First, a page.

One of the most overlooked methods of making mone with microstock agencies like Fotolia and 123RF is to take part in their referral programs. While it may sound easy at first, you need to understand a few things about why agencies offer refferal programs and which programs will really work out best in the end. Top Referral Programs In our first table I list some of the best microstock referral programs availible today. Each part of their program is important. A referral program needs to pay a good percentage for a long time in order to be effective. You don’t want to spend a great deal of time getting a great referral only lose out on the referral money after 3 months. Agency Percent /Terms Duration Cookie Fotolia 15% Designer / Buyer 10% Photographer / Seller 5 Years  15 Days   Fotolia is generally the most attractive referral program out there, a long 5 year period means that if you can get a few busy graphic designers under you, you can significantly increase your income for a long period. Shutterstock 20% Designer / Buyer 10% Seller Buyer : Only first sale Seller: Permanent 30 days   This would be my second pick for a top referral program, especially for photographers. On the buyer side, we don’t see many referrals, but when we get them, they are VERY NICE, generally $30-$40 per referral Dreamstime 10% Designer / Buyer 10% Photographer 3 years  30 days Dreamstime recently improved their referral program by going form 1 year to three years. This is greatly important for photographer referrals where it often takes longer to build a large portfolio. 123RF 15% Designer / Buyer 10% Photographer / Seller Buyer: 1 year Seller: 6 months  1 Year While the buyer referral program is very attractive, a 6 month photographer referral programs is not worth much. About the Photographers We have learned a lot in the last two years about referring photographers. In many ways it seems better than buyers, because photographers should be ongoing income where buyers can just stop buying after the first package. However, remember that it takes a photographer 1-2 years to get a good portfolio together (unless he/she has it already in place from other agencies). A photographer referral program for less than a year is not normally going to make you much money. Other Agencies There are many other agencies...

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The Feel Good Folder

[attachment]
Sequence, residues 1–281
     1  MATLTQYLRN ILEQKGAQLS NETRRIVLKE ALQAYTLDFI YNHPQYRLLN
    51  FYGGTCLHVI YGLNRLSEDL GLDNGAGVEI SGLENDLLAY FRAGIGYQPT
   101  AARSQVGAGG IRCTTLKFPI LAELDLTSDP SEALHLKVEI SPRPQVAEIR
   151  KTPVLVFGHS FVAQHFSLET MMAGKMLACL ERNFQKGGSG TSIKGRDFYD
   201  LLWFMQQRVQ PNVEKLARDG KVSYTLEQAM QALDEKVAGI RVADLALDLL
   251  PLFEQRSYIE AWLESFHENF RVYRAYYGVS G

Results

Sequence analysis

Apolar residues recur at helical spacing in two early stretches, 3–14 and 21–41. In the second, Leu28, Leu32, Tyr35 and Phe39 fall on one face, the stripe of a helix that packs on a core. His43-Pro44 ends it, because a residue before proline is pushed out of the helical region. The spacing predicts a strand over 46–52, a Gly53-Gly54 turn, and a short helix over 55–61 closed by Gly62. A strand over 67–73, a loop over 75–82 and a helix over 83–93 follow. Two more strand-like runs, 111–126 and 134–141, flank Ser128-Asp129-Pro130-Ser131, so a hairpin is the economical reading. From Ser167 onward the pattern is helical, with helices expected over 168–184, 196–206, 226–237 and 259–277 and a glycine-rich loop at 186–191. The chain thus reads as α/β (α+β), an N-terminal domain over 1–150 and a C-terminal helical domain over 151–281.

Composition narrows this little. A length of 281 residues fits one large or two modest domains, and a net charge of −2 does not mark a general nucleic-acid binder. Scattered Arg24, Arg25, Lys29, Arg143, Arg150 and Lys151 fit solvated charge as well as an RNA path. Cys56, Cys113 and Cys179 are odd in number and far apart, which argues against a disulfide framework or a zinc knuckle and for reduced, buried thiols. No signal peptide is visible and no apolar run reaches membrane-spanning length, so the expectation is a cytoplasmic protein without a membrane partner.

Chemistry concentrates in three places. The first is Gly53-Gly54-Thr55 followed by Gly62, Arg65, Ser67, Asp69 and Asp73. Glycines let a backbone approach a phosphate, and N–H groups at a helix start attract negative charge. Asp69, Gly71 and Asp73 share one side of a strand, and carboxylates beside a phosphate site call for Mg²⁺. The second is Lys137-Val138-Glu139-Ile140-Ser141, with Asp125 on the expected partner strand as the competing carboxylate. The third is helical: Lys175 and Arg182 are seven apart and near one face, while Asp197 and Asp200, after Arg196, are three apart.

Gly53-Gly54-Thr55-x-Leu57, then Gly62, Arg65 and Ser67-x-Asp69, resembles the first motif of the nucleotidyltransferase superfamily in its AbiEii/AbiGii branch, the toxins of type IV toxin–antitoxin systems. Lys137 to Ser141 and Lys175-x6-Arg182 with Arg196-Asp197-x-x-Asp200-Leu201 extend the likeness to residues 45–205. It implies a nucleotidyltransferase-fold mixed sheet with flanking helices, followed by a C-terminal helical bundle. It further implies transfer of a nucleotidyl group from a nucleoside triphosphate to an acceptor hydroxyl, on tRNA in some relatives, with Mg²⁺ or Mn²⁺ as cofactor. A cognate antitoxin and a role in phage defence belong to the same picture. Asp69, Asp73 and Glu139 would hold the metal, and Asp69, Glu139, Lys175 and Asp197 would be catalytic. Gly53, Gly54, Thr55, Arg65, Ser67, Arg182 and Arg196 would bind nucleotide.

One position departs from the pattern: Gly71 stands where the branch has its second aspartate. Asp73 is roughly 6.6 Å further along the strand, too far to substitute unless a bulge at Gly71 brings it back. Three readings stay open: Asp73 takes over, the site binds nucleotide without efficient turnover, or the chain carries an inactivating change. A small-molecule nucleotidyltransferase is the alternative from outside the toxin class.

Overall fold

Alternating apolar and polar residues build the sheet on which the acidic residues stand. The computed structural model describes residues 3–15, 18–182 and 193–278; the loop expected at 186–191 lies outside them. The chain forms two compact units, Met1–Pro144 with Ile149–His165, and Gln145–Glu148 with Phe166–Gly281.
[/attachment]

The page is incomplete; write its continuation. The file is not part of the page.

… You have been shooting and uploaded stock photography for 8 months. While the sales are consistent across several microstock sites and the checks are coming in every month now, you still have yet to see where the hundreds of images you sell each month go. You think… someday I’ll be famous and then it happens… You are driving down the road, look up to that same old billboard for Leslie’s Lollypop Shop and … wait a minute…. That’s your son up there, licking a lollypop you bought from Wal-mart… Your first sighting and it is 11 feet by 40 feet wide. After wrecking your car into the nearest stationary object and pulling out your camera, which you never leave home without, and start shooting for memories sake… You call your wife (or husband, or aunt, or … well somebody) and say “hey, get over here”. Maybe you go into Leslie’s Lollypop Shop for the first time and buy something to celebrate. And then the truth hits you…. The funny thing is that they only paid $5 for that image and you made $2.50… If this has ever happened to you, then welcome to the MicroStock club. I have been through this and similar experiences several times and learned to worry about how much they paid, but to let the experience inspire me forward. After my first contact, I started what I call the Feel Good Folder. This is a folder of magazine snips, emails thanks, and web screenshots of places I have found my images. I am grateful that some agencies (like Dreamstime) give the buyer a chance to write a comment as they download the image. Sometimes they leave a URL, of a magazine name. I am inspired by the feel good folder for two reasons: 1)      I am actually a published photographer – Now I am not sure if some people would like that definition of published, but I have snapped-the-shutter for images used on book covers, in magazines and on countless websites. That is COOL! 2)      For every one that I see, I know that there are thousands which I don’t (and probably won’t) see. While many people gripe about the amount that I make per image sale, the truth is that people choose my images for their projects every day. Now I know that some are just group purchases that never made it past...